David Bourget (Western Ontario)
David Chalmers (ANU, NYU)
Rafael De Clercq
Ezio Di Nucci
Jack Alan Reynolds
Learn more about PhilPapers
Oxford University Press (2010)
Tibetan Buddhist writings frequently state that many of the things we perceive in the world are in fact illusory, as illusory as echoes or mirages. In Twelve Examples of Illusion , Jan Westerhoff offers an engaging look at a dozen illusions--including magic tricks, dreams, rainbows, and reflections in a mirror--showing how these phenomena can give us insight into reality. For instance, he offers a fascinating discussion of optical illusions, such as the wheel of fire (the "wheel" seen when a torch is swung rapidly in a circle), discussing Tibetan explanations of this phenomenon as well as the findings of modern psychology, and significantly clarifying the idea that most phenomena--from chairs to trees--are similar illusions. The book uses a variety of crystal-clear examples drawn from a wide variety of fields, including contemporary philosophy and cognitive science, as well as the history of science, optics, artificial intelligence, geometry, economics, and literary theory. Throughout, Westerhoff makes both Buddhist philosophical ideas and the latest theories of mind and brain come alive for the general reader. "This delightful book offers a rich and satisfying philosophical feast to anyone interested in the phenomenon of illusion itself or in the Buddhist analysis of the human condition. Westerhoff draws together classical Buddhist scholarship, contemporary cognitive science and his own judicious philosophical reflection in a serious but refreshingly accessible engagement with the Buddhist tradition in the exploration of the role of illusion in our cognitive and emotional lives." Jay L. Garfield, author of Fundamental Wisdom of the Middle Way: Nagarjuna's Mulamadhyamakakarika "Jan Westerhoff creatively juxtaposes an important Buddhist study of illusion with fascinating modern researches on illusory experiences, using the latter to illuminate the former. The result is a revealing account of the pervasiveness of illusion in our cognitive experience and the very structure of our cognitive apparatus. It brings to life the Buddhist discussion of illusion, making it relevant to our everyday experience instead of being high-minded intellectual exercises only." Tao Jiang, author of Contexts and Dialogue: Yogacara Buddhism and Modern Psychology on the Subliminal Mind "The twelve similes for the illusory nature of this world are very profound, and Westerhoff does them wonderful justice in this excellent book." Robert Thurman, Jey Tsong Khapa Professor of Buddhist Studies, Columbia University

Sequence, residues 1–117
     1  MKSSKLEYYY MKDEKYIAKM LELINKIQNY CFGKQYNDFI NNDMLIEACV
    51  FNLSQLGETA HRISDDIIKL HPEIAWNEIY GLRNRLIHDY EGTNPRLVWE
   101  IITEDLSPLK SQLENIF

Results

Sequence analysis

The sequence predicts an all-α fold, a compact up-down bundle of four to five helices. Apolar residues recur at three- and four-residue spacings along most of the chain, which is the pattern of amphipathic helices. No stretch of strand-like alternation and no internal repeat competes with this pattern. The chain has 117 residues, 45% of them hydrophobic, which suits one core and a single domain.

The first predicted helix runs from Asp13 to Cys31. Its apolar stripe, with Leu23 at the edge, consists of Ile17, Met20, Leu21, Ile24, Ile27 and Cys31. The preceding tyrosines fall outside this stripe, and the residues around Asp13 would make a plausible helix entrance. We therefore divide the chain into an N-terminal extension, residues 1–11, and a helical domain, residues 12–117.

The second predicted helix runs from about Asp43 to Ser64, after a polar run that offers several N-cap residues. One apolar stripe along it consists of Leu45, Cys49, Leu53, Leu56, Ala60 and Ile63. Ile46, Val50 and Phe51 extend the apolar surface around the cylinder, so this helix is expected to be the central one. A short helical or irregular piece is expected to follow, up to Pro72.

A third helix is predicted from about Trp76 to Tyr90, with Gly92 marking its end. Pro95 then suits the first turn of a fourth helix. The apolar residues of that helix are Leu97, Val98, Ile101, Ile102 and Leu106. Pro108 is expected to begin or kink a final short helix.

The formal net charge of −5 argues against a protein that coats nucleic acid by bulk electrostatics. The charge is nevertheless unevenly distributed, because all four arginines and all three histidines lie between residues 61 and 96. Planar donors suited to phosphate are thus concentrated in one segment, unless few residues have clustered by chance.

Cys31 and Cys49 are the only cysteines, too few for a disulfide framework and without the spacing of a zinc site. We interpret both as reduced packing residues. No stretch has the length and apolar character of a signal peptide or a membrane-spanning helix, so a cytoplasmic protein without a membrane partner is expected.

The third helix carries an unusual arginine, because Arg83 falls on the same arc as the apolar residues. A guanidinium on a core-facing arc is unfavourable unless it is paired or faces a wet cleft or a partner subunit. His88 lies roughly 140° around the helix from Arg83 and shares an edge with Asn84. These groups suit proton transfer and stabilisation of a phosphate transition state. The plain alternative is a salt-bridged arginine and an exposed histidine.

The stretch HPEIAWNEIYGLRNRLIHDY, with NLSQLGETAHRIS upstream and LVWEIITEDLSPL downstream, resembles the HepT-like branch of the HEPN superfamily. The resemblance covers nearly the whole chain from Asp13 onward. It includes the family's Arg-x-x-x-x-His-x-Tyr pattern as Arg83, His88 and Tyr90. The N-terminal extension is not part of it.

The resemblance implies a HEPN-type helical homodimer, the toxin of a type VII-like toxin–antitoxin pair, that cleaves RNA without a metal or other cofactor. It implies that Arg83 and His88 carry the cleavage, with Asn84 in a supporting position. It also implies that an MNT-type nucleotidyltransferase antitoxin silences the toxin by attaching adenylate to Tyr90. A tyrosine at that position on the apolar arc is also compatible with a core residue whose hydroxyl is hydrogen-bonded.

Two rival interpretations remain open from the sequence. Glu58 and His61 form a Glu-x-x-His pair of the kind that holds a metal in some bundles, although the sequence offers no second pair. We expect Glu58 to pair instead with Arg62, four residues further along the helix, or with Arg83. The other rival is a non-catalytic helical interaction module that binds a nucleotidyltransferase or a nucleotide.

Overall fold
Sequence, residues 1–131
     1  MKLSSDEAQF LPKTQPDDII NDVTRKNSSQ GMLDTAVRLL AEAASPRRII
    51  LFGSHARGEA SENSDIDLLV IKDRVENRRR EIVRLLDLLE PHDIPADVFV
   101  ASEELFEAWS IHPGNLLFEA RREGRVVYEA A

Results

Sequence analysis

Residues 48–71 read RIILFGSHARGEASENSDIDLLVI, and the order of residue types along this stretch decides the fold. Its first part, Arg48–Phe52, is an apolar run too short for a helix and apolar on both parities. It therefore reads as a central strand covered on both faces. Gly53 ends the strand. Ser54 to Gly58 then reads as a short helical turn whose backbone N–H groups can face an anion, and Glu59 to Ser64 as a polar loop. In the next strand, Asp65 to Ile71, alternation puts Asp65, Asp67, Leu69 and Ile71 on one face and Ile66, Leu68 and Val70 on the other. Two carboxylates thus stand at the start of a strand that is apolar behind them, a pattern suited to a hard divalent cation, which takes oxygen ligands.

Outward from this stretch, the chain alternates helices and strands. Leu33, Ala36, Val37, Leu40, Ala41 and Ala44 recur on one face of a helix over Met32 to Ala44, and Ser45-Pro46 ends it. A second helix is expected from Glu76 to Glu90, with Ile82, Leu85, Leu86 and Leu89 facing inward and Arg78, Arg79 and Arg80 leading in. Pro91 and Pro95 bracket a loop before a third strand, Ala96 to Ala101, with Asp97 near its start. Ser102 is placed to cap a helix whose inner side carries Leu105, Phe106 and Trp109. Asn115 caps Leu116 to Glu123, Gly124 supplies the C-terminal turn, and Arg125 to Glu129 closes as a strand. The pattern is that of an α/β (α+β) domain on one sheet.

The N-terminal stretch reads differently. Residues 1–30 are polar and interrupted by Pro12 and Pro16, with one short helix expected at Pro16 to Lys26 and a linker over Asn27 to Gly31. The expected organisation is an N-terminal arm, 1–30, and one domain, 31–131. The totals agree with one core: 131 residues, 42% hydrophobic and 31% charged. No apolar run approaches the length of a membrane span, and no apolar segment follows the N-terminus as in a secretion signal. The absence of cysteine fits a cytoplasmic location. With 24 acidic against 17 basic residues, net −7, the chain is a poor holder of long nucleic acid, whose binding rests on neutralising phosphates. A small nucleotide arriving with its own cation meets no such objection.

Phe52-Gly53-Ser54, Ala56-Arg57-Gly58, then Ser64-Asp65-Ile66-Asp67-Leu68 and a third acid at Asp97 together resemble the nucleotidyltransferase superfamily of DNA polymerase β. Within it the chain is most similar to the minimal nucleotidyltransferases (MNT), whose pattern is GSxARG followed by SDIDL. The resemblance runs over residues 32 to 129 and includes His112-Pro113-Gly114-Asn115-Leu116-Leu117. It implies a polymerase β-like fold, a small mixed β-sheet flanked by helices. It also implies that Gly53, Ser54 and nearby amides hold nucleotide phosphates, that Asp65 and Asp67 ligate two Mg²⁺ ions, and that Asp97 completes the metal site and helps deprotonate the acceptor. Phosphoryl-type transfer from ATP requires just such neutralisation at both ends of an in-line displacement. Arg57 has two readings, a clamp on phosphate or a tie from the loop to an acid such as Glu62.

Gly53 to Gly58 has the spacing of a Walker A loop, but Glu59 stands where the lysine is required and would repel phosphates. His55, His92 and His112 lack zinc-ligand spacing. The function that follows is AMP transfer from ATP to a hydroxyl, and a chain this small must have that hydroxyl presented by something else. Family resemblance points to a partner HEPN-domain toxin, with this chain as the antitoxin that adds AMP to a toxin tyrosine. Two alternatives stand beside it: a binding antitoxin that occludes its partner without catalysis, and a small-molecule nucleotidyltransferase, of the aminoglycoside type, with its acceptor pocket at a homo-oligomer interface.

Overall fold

|Keywords||Illusion (Philosophy) Buddhist philosophy|
|Categories||categorize this paper)|
|Buy the book||$7.49 used (78% off) $8.74 new (75% off) $27.16 direct from Amazon (20% off) Amazon page|
|Call number||B105.I44.W47 2010|
Setup an account with your affiliations in order to access resources via your University's proxy server
Configure custom proxy (use this if your affiliation does not provide a proxy)
|Through your library|
References found in this work BETA
No references found.
Citations of this work BETA
Catherine Prueitt (forthcoming). Shifting Concepts: The Realignment of Dharmakīrti on Concepts and the Error of Subject/Object Duality in Pratyabhijñā Śaiva Thought. Journal of Indian Philosophy:1-27.
Similar books and articles
Saul Smilansky (1999). Free Will: The Positive Role of Illusion. In The Proceedings of the Twentieth World Congress of Philosophy. Bowling Green: Philosophy Doc Ctr 143-152.
Susan J. Blackmore (2002). There is No Stream of Consciousness. Journal of Consciousness Studies 9 (5):17-28.
Zenon Pylyshyn (2004). The Illusion of Explanation: The Experience of Volition, Mental Effort, and Mental Imagery. Behavioral and Brain Sciences 27 (5):672-673.
Mark Eli Kalderon (2011). Color Illusion. Noûs 45 (4):751-775.
Jonathan Cohen (2002). The Grand Grand Illusion Illusion. Journal of Consciousness Studies 9 (5-6):141-157.
Frances Egan (1998). The Moon Illusion. Philosophy of Science 65 (4):604-23.
Carl F. Craver (2004). Dissociable Realization and Kind Splitting. Philosophy of Science 71 (5):960-971.
David H. Sanford (1981). Illusions and Sense-Data. Midwest Studies in Philosophy 6 (1):371-385.
P. A. Hutchings (1956). What is a Proper Usage of Illusion? Australasian Journal of Philosophy 34 (May):38-42.
Added to index2009-09-15
Total downloads22 ( #170,747 of 1,796,302 )
Recent downloads (6 months)1 ( #468,138 of 1,796,302 )
How can I increase my downloads?